You need to use the
override keyword. Otherwise you're not implementing the abstract base class and just creating a "new" separate method on the subclass.
public override bool Save(SpaghettiTable obj)
abstract methods just like
virtual methods that you override. The only difference is that you force subclasses to provide an implementation of that method whereas
virtual methods provide their own implementation that subclasses can optionally override with their own implementation.
EDIT: Additionally, if you want to make your life easier in Visual Studio, you can right-click (or
ctrl+.) on the inheritance declaration and choose "implement abstract class" (or something like that, I don't have VS with me right now) which will automatically create all the overridden methods for you.
public class SpaghettiTableDb : DbHandler<SpaghettiTable> //right-click on "DbHandler"
Alternatively, in the empty code space within your class, you can start typing "override", then the IntelliSense will list all overridable members from the base class and when you pick one it will automatically write a default implementation for you.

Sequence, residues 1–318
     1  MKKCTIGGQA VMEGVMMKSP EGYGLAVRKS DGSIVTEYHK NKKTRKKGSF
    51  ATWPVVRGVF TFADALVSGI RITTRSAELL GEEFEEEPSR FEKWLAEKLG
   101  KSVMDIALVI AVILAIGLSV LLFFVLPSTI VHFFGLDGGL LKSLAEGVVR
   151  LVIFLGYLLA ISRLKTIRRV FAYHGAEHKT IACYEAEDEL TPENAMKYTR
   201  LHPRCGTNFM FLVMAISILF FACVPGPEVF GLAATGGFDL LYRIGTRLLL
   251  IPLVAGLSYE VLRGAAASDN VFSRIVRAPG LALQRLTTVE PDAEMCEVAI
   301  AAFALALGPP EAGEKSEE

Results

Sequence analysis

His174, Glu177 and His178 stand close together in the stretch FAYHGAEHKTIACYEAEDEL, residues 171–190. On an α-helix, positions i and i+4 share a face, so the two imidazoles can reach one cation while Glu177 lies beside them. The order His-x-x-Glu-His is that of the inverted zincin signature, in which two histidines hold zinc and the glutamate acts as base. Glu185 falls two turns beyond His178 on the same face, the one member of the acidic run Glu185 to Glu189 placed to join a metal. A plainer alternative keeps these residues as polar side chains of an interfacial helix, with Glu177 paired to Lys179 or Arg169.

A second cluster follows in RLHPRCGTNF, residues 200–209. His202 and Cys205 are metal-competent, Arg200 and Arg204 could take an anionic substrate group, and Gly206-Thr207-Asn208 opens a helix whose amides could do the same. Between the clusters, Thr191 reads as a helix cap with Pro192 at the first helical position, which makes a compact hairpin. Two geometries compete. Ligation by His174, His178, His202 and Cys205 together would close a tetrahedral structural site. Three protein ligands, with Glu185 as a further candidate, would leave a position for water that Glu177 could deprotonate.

Just to extend on what you have in your code, without the
override keyword, you are creating a new method that belongs to your subclass and not overriding the base class. When you call that method but from the context of using the base class, it won't call your subclass implementation since it doesn't override the base method.
Consider the following classes. (I'm using virtual instead of abstract just so it compiles and have it simpler)
public class BaseClass
public virtual void Print()
public virtual void AnotherPrint()
Console.WriteLine("base another print");
public class SubClass : BaseClass
public override void Print()
public void AnotherPrint()
Console.WriteLine("sub another print");
SubClass.AnotherPrint does not override
And when you use code like:
SubClass mySub = new SubClass();
mySub.Print(); //sub print
mySub.AnotherPrint(); //sub another print
BaseClass myBase = mySub;
myBase.Print(); //sub print
myBase.AnotherPrint(); //base another print
Note that through the code,
myBase both point to the same object, but one is typed as
SubClass and the other as
BaseClass. When the runtime calls
myBase.Print(), it can easily check the inheritance of the classes and see that
SubClass has overridden the
Print method and calls the
SubClass implementation. However, since
SubClass.AnotherPrint wasn't explicitly marked with
override, the runtime/compiler considers that to be a completely different method with no link to the
BaseClass.AnotherPrint method. Thus the runtime sticks with the base class implementation. When your instance is typed as the
SubClass though, the compiler does see that you're pointing to that new method and essentially not to the base implementation.